The national opioid overdose epidemic is costing the U.S. economy $1 trillion annually, according to a recent report from the U.S. Commission on Combating Synthetic Opioid Trafficking. The report went on to state it also “has the effect of a slow-motion weapon of mass destruction,” as the losses account for lost productivity due to early death, health care, and criminal justice costs.
The human toll of the drug crisis is well-documented and concerning. Provisional data from CDC’s National Center for Health Statistics indicate there were an estimated 100,306 drug overdose deaths in the United States during 12-month period ending in April 2021, an increase of 28.5% from the 78,056 deaths during the same period the year before.
“I’d run around, and I’d look for places that maybe I could break into. Crazy stuff like that; things that I’d never do if I wasn’t strung out,” said James, a 42-year-old who has battled opioid addictions for the last 20 years.
James did not want to use his last name but says he has seen close friends die from dependency.
“Anyone that has used before is like a ticking time bomb,” he said. “They could be a pillar of the community, but as soon as they start getting high, they turn into a wild animal.”
Ten years ago, James was introduced to methadone, a drug that combats the symptoms of withdrawal so users do not feel the compulsion to “get well.” According to James, it has allowed him to focus on other pursuits as he now has stable housing and a stable job.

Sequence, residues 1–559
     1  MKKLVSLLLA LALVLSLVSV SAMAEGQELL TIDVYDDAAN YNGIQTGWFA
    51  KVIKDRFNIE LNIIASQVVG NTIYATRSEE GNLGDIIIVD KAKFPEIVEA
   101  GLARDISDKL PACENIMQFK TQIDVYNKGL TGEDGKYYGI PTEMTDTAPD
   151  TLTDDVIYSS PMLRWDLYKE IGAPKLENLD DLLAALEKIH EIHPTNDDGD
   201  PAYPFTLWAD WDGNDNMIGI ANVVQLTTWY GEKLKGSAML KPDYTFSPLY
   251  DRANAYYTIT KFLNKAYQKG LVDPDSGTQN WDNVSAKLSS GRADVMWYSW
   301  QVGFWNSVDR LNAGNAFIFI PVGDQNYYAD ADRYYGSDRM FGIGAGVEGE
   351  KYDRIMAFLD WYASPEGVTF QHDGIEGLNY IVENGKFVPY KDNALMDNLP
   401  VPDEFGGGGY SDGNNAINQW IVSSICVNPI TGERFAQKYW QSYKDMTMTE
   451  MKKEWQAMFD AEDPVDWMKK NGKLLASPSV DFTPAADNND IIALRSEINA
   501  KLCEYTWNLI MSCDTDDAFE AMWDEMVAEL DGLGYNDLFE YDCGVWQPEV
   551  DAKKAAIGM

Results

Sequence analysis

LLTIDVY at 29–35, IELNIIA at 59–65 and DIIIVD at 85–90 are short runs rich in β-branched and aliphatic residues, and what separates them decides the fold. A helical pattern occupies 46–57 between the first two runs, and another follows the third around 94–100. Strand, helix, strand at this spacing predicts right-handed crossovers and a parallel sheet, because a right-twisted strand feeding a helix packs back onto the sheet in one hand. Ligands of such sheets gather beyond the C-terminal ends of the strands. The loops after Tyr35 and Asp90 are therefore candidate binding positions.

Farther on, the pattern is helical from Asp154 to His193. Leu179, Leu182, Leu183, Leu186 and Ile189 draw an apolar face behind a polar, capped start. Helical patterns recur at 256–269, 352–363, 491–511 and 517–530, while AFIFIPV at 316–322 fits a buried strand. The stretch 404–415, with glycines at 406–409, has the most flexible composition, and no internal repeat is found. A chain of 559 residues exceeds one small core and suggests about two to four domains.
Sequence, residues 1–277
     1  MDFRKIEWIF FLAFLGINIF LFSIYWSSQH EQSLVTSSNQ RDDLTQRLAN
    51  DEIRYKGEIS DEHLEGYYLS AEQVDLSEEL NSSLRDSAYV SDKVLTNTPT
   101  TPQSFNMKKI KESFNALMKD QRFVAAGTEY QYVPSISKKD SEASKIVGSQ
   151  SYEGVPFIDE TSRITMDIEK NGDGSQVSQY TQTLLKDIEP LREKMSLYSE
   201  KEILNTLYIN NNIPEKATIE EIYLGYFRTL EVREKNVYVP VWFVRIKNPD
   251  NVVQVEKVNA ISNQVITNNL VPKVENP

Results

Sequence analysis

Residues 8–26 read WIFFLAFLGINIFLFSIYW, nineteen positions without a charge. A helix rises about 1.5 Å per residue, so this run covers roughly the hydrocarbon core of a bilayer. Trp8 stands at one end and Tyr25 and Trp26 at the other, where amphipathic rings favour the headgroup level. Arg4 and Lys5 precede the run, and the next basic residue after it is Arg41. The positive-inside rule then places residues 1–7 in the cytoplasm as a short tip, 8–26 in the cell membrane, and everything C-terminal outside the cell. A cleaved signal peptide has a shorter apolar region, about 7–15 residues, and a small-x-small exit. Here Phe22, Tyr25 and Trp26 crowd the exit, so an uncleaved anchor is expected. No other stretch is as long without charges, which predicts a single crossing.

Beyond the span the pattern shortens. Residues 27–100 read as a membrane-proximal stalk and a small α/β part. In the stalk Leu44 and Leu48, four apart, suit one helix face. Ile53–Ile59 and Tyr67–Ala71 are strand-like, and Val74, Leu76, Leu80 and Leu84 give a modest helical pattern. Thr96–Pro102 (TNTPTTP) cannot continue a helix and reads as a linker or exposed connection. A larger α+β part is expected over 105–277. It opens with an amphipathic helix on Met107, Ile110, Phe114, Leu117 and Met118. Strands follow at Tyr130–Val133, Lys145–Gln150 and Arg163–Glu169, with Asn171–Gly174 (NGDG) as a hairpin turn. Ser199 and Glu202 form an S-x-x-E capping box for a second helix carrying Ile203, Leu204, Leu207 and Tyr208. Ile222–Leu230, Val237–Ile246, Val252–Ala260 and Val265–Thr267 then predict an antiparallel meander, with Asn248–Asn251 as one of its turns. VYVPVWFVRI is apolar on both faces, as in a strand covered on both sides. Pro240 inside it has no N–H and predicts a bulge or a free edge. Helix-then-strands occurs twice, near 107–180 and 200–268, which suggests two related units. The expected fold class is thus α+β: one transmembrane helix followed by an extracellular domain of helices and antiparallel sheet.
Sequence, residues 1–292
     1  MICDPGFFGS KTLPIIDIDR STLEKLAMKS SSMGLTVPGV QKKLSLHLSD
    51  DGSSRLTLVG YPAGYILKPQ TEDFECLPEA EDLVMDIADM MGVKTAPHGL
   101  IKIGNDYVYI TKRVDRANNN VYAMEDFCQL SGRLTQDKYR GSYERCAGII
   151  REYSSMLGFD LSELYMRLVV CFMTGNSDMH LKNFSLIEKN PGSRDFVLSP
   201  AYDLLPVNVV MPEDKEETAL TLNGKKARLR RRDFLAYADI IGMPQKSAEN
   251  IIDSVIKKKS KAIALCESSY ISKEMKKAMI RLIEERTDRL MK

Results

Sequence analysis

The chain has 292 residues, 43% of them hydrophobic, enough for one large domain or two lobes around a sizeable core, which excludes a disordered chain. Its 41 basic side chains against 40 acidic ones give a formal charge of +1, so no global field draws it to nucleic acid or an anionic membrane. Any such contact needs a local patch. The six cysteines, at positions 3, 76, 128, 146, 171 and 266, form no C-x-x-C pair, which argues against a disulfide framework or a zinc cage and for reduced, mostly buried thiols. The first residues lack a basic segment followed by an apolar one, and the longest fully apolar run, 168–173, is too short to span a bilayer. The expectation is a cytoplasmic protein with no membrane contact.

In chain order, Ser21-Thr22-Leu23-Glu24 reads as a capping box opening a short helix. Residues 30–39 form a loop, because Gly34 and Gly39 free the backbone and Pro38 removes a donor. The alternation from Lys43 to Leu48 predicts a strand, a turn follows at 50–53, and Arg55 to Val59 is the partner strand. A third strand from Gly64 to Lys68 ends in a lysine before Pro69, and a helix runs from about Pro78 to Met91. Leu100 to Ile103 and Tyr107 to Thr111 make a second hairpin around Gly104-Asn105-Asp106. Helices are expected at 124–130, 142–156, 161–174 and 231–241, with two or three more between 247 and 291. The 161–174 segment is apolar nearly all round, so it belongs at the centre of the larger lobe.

Data from the National Institute on Drug Abuse suggests treatment centers like the one James goes to reduce the costs drugs have to society exponentially as every dollar spent on treatment can lead to $12 in savings on health care and the criminal justice system.
“It happens very fast, and we know that people aren’t prepared for the consequences,” said Denise Vincioni, the regional director for Denver Recovery Group, a methadone clinic with several locations in the greater Denver area. “Some of the smaller crimes that [users] don’t think affect anybody; it hikes the cost of products in the stores as people need to cover the burden of that. Taxes go to a lot of the Medicaid and Medicare and to a lot of the programs.”
In recent years, more money has been allocated toward treatment centers in the United States. The National Institute on Drug Abuse estimates that the per-patient cost of methadone for providers is $4,700 yearly, while the cost of incarcerating someone for drug offenses costs upwards of $20,000 per year.